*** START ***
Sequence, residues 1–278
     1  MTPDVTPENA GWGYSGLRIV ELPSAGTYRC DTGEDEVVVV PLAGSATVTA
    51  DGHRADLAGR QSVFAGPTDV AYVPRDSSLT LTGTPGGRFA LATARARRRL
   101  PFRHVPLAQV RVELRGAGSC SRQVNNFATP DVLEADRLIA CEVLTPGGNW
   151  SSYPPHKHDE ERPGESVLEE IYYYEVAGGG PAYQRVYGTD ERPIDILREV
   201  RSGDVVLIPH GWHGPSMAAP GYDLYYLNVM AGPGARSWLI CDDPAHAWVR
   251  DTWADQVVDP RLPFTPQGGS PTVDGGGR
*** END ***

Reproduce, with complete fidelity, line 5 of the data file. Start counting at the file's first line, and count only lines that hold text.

   151  SSYPPHKHDE ERPGESVLEE IYYYEVAGGG PAYQRVYGTD ERPIDILREV